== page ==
Disorders of the respiratory system with a chief complaint of shortness of breath are among the most common reasons for both outpatient and inpatient evaluation. The most obvious visible clue to a respiratory problem will be whether the patient is displaying any signs of respiratory distress, such as fast respiratory rate and/or cyanosis. In a clinical situation, this will always require emergent attention and oxygen therapy. Unlike pathology in other body systems, many pulmonary disorders, including chronic obstructive pulmonary disease (COPD), asthma, and pneumonia, can be diagnosed by careful clinical examination alone. This starts with a comprehensive inspection and palpation. Keep in mind that in non-emergency situations the patient's complete history will have been taken already, gaining important insight into exposure histories (e.g., smoking), which could give rise to specific lung diseases. This history can then confirm physical findings as the examination is performed.

 JoVE Medicine

Development of an Algorithm to Perform a Comprehensive Study of Autonomic Dysreflexia in Animals with High Spinal Cord Injury Using a Telemetry Device

1International Collaboration on Repair Discoveries (ICORD), Faculty of Medicine, University of British Columbia, 2Department of Medicine, Division of Physical Medicine and Rehabilitation, University of British Columbia, GF Strong Rehabilitation Centre


JoVE 52809

 Science Education: Essentials of Physical Examinations I

General Approach to the Physical Exam

JoVE Science Education

Source: Jaideep S. Talwalkar, MD, Internal Medicine and Pediatrics, Yale School of Medicine, New Haven, CT

The examination of the body is fundamental to the practice of medicine. Since the Roman Empire, physicians have described the connection between alterations in function of specific parts of the body and specific disease states and have sought to further scientific understanding to improve bedside diagnosis. However, in this modern age of increasing technology within medical diagnostics, it is important to consider the role that physical examination plays today. It is misguided to believe that physical examination holds all the answers, and much has been written about the questionable utility of certain maneuvers previously held in high regard. It is equally misguided to suggest that physical examination plays little role in the modern patient encounter. Physical examination remains a valuable diagnostic tool; there are many diagnoses that can only be made by physical examination. A diagnosis made by labs or imaging is rarely done in the absence of findings detectable at the bedside. As the provider conducts a history and physical, they are actively generating and testing hypotheses to explain the patient's condition. The information one gathers may not replace the need

 JoVE Immunology and Infection

Long Term Intravital Multiphoton Microscopy Imaging of Immune Cells in Healthy and Diseased Liver Using CXCR6.Gfp Reporter Mice

1Department of Medicine III, RWTH University-Hospital Aachen, 2IZKF Aachen Core Facility "Two-Photon Imaging", RWTH University-Hospital Aachen, 3Institute for Laboratory Animal Science & Experimental Surgery, RWTH Aachen University, 4Institute for Pharmacology, RWTH University-Hospital Aachen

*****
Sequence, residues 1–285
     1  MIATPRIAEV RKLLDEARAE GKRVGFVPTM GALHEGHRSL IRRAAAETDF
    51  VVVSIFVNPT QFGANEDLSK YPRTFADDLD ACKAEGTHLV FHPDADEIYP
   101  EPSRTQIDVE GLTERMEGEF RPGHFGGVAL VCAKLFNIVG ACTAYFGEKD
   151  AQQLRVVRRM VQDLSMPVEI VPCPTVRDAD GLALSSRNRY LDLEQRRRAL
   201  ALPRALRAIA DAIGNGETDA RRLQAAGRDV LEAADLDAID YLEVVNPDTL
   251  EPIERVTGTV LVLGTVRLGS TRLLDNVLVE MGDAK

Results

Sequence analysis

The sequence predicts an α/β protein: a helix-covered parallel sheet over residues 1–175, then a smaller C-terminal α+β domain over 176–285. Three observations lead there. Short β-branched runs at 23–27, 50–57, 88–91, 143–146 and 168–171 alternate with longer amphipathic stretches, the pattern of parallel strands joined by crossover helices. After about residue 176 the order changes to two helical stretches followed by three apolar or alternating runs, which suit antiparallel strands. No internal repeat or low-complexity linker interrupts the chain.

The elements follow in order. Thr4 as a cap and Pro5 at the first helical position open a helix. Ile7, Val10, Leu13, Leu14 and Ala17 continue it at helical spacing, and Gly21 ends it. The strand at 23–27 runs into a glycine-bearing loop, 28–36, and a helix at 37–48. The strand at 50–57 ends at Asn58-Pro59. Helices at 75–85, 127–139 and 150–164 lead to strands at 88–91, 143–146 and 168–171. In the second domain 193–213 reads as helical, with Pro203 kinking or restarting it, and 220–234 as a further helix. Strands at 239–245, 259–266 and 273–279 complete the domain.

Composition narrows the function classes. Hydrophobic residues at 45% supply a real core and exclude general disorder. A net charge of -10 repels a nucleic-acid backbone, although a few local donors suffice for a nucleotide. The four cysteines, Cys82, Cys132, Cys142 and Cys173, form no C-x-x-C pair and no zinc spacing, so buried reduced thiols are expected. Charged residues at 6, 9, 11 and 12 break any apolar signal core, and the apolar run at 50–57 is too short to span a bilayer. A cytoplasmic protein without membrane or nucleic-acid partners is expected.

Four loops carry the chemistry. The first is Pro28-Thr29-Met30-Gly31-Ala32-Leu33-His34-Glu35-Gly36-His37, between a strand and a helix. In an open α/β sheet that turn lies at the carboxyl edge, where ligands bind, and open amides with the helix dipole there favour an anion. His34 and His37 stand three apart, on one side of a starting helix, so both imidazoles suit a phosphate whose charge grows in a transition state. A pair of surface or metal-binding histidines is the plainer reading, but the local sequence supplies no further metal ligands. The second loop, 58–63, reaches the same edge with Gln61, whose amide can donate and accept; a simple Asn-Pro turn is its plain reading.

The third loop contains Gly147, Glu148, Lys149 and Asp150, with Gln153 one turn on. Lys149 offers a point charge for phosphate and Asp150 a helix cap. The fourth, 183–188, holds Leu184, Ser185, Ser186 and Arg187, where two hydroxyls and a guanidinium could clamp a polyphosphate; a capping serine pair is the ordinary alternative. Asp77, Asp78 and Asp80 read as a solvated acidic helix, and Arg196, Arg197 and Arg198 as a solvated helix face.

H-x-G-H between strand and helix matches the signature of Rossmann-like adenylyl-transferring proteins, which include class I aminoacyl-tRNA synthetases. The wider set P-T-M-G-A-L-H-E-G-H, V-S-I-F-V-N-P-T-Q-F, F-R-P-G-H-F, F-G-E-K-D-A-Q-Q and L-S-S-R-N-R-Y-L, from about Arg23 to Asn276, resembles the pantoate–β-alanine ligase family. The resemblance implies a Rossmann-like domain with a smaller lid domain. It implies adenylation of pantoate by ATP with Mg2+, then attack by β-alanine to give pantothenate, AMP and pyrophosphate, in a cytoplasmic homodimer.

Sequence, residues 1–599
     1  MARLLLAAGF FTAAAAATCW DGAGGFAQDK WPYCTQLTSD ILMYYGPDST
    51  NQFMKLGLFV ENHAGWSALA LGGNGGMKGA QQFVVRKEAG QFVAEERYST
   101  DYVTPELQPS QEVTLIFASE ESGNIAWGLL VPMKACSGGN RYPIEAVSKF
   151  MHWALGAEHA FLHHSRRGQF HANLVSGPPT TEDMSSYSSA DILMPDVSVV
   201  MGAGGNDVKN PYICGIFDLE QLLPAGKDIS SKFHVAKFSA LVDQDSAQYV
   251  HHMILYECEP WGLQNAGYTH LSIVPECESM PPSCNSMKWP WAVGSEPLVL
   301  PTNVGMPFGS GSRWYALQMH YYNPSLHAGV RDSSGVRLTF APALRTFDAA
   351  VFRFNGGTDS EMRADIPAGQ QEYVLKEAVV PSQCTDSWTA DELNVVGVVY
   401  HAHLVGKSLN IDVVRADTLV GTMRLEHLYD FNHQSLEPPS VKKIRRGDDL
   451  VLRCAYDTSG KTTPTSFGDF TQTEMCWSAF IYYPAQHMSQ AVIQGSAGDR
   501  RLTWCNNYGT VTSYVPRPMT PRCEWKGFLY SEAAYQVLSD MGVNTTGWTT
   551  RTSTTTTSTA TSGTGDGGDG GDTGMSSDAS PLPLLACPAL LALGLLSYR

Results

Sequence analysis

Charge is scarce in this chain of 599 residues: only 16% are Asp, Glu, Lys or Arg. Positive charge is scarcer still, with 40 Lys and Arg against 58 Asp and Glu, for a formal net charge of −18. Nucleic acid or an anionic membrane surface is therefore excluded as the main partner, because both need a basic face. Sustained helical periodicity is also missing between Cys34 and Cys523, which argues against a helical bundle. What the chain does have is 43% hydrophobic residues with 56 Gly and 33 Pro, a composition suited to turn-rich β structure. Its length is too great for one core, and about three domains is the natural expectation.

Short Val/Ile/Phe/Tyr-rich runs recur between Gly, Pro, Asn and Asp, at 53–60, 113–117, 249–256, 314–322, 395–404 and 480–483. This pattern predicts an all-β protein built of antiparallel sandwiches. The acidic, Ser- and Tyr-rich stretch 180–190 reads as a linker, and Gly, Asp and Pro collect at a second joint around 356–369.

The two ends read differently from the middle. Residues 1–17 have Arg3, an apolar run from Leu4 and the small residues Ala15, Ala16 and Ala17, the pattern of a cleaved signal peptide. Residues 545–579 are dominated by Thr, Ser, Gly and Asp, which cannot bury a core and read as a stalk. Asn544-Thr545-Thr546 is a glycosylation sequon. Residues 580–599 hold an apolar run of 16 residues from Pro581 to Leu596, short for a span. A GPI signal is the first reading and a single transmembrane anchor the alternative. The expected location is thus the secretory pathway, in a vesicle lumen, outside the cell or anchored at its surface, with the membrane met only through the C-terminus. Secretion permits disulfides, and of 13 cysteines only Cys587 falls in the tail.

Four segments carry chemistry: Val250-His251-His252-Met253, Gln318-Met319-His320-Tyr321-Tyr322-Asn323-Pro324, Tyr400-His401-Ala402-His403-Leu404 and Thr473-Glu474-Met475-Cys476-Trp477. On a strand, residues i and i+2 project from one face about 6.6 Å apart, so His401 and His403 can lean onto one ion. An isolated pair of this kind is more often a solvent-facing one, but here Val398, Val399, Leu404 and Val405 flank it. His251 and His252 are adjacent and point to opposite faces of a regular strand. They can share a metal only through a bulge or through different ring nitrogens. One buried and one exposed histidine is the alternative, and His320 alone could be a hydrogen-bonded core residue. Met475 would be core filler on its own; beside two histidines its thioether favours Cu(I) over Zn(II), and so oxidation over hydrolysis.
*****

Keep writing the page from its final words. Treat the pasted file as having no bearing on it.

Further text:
JoVE 52607

 JoVE Medicine

Assessing Changes in Volatile General Anesthetic Sensitivity of Mice after Local or Systemic Pharmacological Intervention

1Department of Anesthesiology and Critical Care, Perelman School of Medicine, University of Pennsylvania, 2Department of Pharmacology, Perelman School of Medicine, University of Pennsylvania, 3Department of Neuroscience, Perelman School of Medicine, University of Pennsylvania, 4Center for Sleep and Circadian Neurobiology, Perelman School of Medicine, University of Pennsylvania


JoVE 51079

 Science Education: Essentials of Emergency Medicine and Critical Care

Arterial Line Placement

JoVE Science Education

Source: Sharon Bord, MD, Department of Emergency Medicine, The Johns Hopkins University School of Medicine, Maryland, USA

When monitoring patients, it is important to obtain values that are accurate and reliable. Blood pressure monitoring is one of the essential vital signs, and for a majority of patients, measuring it utilizing non-invasive techniques provides accurate values. However, there are situations in which the blood pressure requires more exact, specific, and reliable measurements. This can be achieved by intra-arterial blood pressure monitoring and requires arterial line placement. Arterial line placement refers to the insertion of a catheter, which is able to transduce blood pressure, into one of the major arteries (e.g., radial or femoral artery). Patients who potentially need arterial line placement include those with extreme low (such as in sepsis or cardiogenic shock) or high (as in cerebrovascular accident or hypertensive emergency) blood pressure measurements. Many of these patients are placed on vasoactive medications to either increase or decrease blood pressure. When the goal is to decrease a patient's blood pressure, it must be done gradually, which further necessitates close blood pressure monitoring. Arterial line placement is also ideal for patients who require frequent arterial blood gas moni